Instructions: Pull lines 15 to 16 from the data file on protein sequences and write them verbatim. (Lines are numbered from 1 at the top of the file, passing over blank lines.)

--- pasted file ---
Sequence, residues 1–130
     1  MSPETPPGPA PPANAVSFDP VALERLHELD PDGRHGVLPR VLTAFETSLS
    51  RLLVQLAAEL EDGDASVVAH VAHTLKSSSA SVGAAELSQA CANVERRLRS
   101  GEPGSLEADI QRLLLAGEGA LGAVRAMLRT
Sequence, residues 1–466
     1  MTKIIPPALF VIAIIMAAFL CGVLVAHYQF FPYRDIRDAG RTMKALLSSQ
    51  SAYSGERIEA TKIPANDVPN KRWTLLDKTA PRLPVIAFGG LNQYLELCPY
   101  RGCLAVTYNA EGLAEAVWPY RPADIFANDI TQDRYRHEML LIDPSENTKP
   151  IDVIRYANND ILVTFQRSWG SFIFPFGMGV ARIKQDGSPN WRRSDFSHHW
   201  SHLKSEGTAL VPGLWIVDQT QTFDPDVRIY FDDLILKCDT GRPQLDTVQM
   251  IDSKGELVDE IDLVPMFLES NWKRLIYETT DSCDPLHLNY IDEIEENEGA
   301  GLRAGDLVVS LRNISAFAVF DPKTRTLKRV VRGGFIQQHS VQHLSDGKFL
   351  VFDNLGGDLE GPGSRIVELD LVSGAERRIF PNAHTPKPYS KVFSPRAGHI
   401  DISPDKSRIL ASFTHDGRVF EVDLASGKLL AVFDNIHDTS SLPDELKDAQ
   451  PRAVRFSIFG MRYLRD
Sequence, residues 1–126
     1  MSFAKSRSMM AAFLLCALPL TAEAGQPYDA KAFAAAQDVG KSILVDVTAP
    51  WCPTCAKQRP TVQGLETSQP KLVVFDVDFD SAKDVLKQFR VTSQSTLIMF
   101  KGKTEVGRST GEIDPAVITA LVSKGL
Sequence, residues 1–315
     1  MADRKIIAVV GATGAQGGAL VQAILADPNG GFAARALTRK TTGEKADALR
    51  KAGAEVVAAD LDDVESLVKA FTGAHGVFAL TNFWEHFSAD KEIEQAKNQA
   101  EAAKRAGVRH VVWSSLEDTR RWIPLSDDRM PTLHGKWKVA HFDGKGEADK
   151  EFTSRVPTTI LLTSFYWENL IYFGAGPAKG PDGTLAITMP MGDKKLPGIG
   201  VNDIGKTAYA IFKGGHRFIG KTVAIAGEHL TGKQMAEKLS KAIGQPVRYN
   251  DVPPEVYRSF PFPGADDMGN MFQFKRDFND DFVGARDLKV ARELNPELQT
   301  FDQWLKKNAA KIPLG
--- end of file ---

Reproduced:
   451  PRAVRFSIFG MRYLRD
Sequence, residues 1–126